Teacher seeks help to become citizen

December 14, 2015

NAUGATUCK — City Hill Middle School Principal Eileen Mezzo came across a student crying outside of a guidance counselor’s office last week.

When Mezzo asked what was upsetting him, the student explained that he recently learned an elective technology education course taught by teacher Alison Stephens was filled, and he would not be able to enroll.

“Ms. Stephens offered to take that student in, and he said, ‘You know that really made my day. Not only do I love that class, but I just love Ms. Stephens, she is the best teacher,’” Mezzo said. “She’s innovative, she’s warm and kind. She is a gem.”

Stephens, 38, is passionate about teaching and hopes to be in a classroom for decades. That goal, however, is in jeopardy. Stephens, a native of Wales, is trying to become an American citizen and is facing monetary setbacks in the process.

She has lived in the United States for seven years and has taught in public schools for five — one in Weston, one in New Britain and this is her third year in Naugatuck. Her temporary work visa is set to expire, and now Stephens is applying for a green card, or permanent residence, through her employer, the Naugatuck Board of Education.

The school system has agreed to sponsor her application, but school administrators told Stephens the cost to her would be between $10,000 and $15,000, mostly to cover attorney’s fees.

Superintendent of Schools Sharon Locke said Stephens is a tremendous asset to the school system, and that Naugatuck wants to retain her.

Stephens moved to the United States in December 2008 to get a master’s degree at Central Connecticut State University. She had previously worked for the British government for 12 years as an office worker and in information technology, among other roles.

“I wasn’t satisfied in that job and wanted to do more,” she said.

She had friends in Connecticut who told her that she could use her experience in technology to teach technology education, as there was a shortage of qualified tech-ed teachers in the state. Stephens decided to give it a shot.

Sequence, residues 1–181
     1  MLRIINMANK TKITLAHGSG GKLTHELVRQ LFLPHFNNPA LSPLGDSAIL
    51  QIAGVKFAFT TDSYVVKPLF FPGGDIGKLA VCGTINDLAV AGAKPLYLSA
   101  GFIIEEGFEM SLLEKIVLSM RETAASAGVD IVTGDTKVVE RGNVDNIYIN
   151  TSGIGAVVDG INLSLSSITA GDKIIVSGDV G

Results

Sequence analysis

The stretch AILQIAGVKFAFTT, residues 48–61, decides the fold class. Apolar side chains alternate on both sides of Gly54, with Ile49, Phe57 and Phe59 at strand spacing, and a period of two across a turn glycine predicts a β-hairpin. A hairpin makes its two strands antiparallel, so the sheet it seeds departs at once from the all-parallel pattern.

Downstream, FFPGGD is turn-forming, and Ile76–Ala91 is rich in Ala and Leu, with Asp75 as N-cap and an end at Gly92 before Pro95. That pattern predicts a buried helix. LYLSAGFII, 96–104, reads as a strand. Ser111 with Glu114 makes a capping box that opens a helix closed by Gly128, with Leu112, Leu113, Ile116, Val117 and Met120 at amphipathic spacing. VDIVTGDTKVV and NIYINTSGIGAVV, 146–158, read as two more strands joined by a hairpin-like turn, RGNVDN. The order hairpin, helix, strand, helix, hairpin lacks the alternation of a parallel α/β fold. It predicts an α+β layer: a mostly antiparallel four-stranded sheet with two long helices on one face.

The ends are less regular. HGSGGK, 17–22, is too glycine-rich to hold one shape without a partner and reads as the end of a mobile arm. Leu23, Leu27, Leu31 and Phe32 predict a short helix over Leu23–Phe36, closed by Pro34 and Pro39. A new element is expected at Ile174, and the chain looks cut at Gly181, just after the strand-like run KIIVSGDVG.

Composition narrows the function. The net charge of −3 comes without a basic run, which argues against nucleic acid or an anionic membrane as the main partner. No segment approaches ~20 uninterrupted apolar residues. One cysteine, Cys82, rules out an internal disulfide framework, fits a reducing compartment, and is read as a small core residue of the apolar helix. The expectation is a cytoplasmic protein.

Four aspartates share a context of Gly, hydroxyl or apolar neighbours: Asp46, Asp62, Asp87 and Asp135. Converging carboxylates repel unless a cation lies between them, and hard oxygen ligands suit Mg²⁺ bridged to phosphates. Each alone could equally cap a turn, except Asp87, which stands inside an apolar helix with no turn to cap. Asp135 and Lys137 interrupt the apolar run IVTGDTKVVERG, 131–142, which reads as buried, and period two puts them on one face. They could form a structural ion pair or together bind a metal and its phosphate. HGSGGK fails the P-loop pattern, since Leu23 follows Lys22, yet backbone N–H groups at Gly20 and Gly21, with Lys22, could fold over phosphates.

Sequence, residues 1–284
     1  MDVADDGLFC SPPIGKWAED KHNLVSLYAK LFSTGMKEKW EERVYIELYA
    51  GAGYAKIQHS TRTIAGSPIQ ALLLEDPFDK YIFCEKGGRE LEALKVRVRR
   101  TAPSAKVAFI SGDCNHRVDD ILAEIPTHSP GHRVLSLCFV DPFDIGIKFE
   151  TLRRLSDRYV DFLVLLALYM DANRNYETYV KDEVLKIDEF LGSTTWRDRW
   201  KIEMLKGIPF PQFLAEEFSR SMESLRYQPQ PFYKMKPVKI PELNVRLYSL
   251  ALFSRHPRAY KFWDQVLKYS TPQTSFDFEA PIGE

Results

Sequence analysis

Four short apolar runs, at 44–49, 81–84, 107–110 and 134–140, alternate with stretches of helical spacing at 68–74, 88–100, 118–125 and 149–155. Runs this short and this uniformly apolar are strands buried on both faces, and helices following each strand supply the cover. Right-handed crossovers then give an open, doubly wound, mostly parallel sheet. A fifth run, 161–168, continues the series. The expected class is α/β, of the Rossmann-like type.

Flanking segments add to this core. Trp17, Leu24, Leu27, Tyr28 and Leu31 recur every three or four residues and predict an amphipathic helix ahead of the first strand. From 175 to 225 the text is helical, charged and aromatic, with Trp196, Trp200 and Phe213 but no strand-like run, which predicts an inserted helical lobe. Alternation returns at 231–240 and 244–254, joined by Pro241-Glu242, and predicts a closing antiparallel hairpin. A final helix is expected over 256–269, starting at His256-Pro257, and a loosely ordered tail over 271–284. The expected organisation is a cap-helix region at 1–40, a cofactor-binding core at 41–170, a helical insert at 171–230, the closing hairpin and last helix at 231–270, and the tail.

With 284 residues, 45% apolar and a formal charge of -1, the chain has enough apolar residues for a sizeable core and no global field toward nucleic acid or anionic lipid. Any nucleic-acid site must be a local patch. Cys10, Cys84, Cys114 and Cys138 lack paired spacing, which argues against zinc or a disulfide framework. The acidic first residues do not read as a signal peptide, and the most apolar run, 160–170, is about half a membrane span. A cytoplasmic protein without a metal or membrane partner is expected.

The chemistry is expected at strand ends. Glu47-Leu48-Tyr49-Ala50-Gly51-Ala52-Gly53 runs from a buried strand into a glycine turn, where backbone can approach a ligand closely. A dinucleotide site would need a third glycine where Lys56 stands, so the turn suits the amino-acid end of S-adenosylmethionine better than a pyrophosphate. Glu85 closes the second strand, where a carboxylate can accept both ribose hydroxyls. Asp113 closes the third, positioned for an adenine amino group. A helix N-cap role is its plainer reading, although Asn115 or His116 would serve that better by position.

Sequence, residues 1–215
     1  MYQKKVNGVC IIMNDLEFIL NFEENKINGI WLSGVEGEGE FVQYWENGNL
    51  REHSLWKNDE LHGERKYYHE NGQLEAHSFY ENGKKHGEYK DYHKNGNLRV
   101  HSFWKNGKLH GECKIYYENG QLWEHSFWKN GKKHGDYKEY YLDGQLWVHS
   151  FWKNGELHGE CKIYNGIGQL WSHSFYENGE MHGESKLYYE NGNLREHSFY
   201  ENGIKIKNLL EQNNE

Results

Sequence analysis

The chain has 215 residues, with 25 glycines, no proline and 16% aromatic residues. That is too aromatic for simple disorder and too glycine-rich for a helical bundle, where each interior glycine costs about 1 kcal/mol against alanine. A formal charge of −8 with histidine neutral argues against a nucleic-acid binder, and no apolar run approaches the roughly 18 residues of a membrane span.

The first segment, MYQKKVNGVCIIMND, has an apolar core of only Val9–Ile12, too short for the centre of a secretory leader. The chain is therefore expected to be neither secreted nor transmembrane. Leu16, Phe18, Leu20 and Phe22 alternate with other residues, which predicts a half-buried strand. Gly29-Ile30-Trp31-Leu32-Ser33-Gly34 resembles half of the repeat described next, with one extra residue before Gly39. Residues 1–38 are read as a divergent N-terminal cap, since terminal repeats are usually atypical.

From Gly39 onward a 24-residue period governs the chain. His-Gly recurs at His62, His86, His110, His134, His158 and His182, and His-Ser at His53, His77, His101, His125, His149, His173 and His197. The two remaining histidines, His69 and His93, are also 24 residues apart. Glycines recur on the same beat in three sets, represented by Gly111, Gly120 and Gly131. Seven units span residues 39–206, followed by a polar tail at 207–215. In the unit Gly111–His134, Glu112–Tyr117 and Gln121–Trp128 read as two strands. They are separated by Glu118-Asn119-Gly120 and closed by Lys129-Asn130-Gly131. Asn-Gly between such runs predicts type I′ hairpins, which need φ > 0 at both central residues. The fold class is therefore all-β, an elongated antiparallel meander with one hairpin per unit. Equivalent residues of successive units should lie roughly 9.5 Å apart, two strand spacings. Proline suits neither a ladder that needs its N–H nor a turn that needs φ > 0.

Stephens, who is single and child free, said she loves her students and the community. It is evident by the amount of work she puts into her job, colleagues say.

At City Hill, she teaches a class that is a sort of segue into computer aided drafting that helps students think three dimensionally about what they are building on a computer screen, which Stephens said helps them to use both sides of their brain. Additionally, she recently worked with the school system’s information technology office to bring in Mac computers that have software that is used by architects, engineers and other professionals.

“They will be using tools used by professionals all over the world,” she said. “They are learning possible career and college choices — massive 21st Century skills.”

She also worked with programs such as the Naugatuck Education Foundation and the Petit Family Foundation to secure grant money — including one of $25,000 — to enhance educational opportunities for students.

With some of that money, she started the school’s first robotics-based program called SeaPerch. It is part of a national educational program sponsored by the Office of Naval Research. SeaPerch is described as an innovated underwater robotics program that equips teachers and students with the resources they need to build an underwater Remotely Operated Vehicle, ROV. The students built the ROV as part of an afterschool club that Stephens ran with the children.

She and Mezzo are also working to create a television station with students that will be live streamed at school in the morning.

Stephens is determined to do everything necessary to attain American citizenship, including starting a GoFundMe page — Keep Calm & Get Alison a Green Card — to raise money.

“If I were not able to teach, I would be devastated,” she said. “You have no idea how hard I have worked to get where I am. It’s hard enough to leave your family, but this is something I wanted to do for myself. This is an awesome school district, and I hope to be teaching here for a long time.”